Kiawah Island, the plane did steep circles around LaGuardia Airport for an hour to deal with a traffic jam, leaving me swearing off that mode of travel for good (clearly, I reneged). After my trip through security -- removing shoes, belt, and dignity -- I boarded my plane in Manchester for the relatively short flight to Newark. En route, I dreamed of my upcoming Space:1999 novel project for August and September (my Big #1,000, which I hope to complete during the five-day writing retreat to Starr Island off the coast of New Hampshire). For the first of my layovers, I nestled down in Newark and wrote some seven pages of a very old novella idea, "Golden Skull," starring the Martins -- Jonathan and Grace, a well-to-do couple of supernatural sleuths whose antics and adventures I first began writing while in high school. This final installment in their series divides its time between Upstate New York, Seattle, and fictional Brackenridge, New Mexico. I wasn't visiting New Mexico on my vast itinerary, but it seemed a fitting project to work on. I had a blast reuniting with them as I waited for my next leg of the trip.
The flight to Chicago was one step short of apocalyptic, akin to the pilot episode of the TV series Lost. We hit turbulence somewhere east of Chicago unlike anything I have ever experienced -- so bad, in fact, that the young woman three rows up from me vomited across the back of the seat in front of her. People screamed. Though belted into my seat, my lower back suffered several jarring jolts that left me sore for days after. Eventually, we made it to Terra Firma (Fox's late science fiction show Terra Nova played on the overhead screens during the flight). Chicago to Lincoln. I walked off the third plane of the day and met Peter Giglio, who had a copy of Muse waiting for me. Long last, I held my beautiful offspring; the rest of that Tuesday was considerably more enjoyable.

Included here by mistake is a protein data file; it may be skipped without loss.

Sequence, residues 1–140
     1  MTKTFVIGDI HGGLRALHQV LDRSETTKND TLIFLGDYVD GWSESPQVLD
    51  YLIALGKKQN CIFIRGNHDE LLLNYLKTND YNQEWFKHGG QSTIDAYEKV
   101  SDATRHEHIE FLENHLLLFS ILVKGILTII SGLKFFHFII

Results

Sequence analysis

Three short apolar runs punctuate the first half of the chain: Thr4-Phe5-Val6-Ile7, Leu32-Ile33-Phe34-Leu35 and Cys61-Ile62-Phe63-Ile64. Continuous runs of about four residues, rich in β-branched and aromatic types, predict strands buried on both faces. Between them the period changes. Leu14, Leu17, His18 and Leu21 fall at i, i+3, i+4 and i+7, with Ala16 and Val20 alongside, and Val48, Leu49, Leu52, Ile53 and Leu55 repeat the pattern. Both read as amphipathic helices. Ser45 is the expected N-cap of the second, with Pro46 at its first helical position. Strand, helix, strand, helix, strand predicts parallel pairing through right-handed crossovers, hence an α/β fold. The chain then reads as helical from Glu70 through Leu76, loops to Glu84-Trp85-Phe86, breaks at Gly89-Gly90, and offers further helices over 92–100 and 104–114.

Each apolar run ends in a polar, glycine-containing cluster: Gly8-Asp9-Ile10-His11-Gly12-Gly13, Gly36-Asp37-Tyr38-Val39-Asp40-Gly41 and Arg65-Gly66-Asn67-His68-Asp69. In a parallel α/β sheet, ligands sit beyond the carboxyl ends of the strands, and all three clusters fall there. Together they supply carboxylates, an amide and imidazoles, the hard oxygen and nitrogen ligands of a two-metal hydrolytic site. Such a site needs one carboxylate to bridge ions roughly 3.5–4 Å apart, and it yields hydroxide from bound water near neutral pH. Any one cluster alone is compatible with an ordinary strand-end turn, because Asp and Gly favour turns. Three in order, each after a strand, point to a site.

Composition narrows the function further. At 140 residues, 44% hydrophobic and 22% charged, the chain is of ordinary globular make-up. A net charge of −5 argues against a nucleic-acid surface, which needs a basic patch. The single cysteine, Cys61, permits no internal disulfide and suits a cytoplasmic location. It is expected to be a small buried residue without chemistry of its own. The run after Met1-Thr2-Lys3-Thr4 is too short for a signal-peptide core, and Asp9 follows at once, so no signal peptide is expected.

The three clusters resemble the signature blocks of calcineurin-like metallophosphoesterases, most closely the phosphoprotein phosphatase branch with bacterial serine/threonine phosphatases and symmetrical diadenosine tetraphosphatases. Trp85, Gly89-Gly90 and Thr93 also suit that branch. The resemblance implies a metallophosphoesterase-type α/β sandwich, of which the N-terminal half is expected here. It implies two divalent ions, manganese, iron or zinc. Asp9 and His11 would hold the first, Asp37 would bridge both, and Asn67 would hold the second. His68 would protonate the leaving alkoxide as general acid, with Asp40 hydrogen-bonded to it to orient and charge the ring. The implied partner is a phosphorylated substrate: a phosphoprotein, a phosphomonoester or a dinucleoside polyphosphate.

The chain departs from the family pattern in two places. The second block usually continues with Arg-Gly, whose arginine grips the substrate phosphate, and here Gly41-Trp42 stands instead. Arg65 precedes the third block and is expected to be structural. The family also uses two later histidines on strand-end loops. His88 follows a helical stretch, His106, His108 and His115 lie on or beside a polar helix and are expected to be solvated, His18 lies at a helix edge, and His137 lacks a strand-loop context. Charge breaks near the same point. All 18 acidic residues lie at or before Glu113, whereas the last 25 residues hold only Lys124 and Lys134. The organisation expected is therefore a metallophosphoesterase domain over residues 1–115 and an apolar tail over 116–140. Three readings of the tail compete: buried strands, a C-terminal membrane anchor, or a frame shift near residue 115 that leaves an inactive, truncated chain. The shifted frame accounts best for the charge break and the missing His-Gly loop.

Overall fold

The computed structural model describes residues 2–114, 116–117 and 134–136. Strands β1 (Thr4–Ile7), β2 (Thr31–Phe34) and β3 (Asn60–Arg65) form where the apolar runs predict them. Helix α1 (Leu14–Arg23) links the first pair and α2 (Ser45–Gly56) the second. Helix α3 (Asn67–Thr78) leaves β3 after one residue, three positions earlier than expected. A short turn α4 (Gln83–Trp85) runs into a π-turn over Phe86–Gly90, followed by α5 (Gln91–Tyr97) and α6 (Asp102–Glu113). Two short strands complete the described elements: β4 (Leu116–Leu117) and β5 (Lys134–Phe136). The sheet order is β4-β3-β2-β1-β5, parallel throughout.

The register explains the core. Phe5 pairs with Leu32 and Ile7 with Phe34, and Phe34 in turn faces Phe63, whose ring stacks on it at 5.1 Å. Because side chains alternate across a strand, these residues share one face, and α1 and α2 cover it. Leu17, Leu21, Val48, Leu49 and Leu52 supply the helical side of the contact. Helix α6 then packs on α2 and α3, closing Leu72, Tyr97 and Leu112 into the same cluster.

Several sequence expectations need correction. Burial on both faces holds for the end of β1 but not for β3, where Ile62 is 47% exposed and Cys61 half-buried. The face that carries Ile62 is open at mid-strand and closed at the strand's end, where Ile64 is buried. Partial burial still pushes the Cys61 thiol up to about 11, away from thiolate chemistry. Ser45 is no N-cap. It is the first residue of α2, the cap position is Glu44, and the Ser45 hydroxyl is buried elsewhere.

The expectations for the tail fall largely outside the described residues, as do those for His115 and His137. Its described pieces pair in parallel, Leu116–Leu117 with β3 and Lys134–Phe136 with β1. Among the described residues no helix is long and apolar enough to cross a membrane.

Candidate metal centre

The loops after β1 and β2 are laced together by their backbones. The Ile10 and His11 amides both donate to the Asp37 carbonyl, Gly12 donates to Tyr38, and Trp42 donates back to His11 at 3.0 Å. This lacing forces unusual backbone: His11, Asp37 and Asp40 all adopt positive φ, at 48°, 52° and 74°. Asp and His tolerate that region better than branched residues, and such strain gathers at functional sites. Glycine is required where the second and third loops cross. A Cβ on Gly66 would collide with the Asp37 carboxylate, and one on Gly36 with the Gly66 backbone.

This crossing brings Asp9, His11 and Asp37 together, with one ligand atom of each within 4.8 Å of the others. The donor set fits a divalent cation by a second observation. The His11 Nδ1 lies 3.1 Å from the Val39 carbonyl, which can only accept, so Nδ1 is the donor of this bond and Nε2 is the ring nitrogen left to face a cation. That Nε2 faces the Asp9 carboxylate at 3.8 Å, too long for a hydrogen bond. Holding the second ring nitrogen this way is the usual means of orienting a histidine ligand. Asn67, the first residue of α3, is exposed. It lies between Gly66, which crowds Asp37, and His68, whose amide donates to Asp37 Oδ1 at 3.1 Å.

Peter and I dined at an upscale chain called Noodles, where I enjoyed incredible Japanese noodles with seared steak, sprouts, broccoli, and cilantro (not an herb I was familiar with before) and took in the five p.m. showing of The Hunger Games, which I loved. After a solid night's sleep, we spent our Wednesday writing (I worked on my new novel The Zoo and more of "Golden Skull") and forayed out and about, gathering supplies for the long drive west. That night, we watched Eric Shapiro's brilliant feature film Rule of Three before lights out. At four in the morning, we departed for Salt Lake City, crossing Nebraska through long miles of mist; Wyoming through equally long spells of stark yellow sunlight. I saw antelope, tumbleweeds, buttes, and hundreds of miles of barren prairie broken up only by sagebrush and cattle fences. It was a part of the world I'd only visited via photographs and I felt richer for the experience as a writer and human being.
|(me and, clockwise, Peter Giglio, Rick Hautala, Holly Hautala|
Hollie Snider, Marie Green. Photo credit: Henry Snider)